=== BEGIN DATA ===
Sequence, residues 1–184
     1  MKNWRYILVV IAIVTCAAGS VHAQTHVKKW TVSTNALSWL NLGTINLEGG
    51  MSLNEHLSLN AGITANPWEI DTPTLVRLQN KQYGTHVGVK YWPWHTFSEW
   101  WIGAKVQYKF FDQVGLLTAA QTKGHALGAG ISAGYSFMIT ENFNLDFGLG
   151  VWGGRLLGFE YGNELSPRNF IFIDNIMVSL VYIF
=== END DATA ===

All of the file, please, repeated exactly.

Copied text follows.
Sequence, residues 1–184
     1  MKNWRYILVV IAIVTCAAGS VHAQTHVKKW TVSTNALSWL NLGTINLEGG
    51  MSLNEHLSLN AGITANPWEI DTPTLVRLQN KQYGTHVGVK YWPWHTFSEW
   101  WIGAKVQYKF FDQVGLLTAA QTKGHALGAG ISAGYSFMIT ENFNLDFGLG
   151  VWGGRLLGFE YGNELSPRNF IFIDNIMVSL VYIF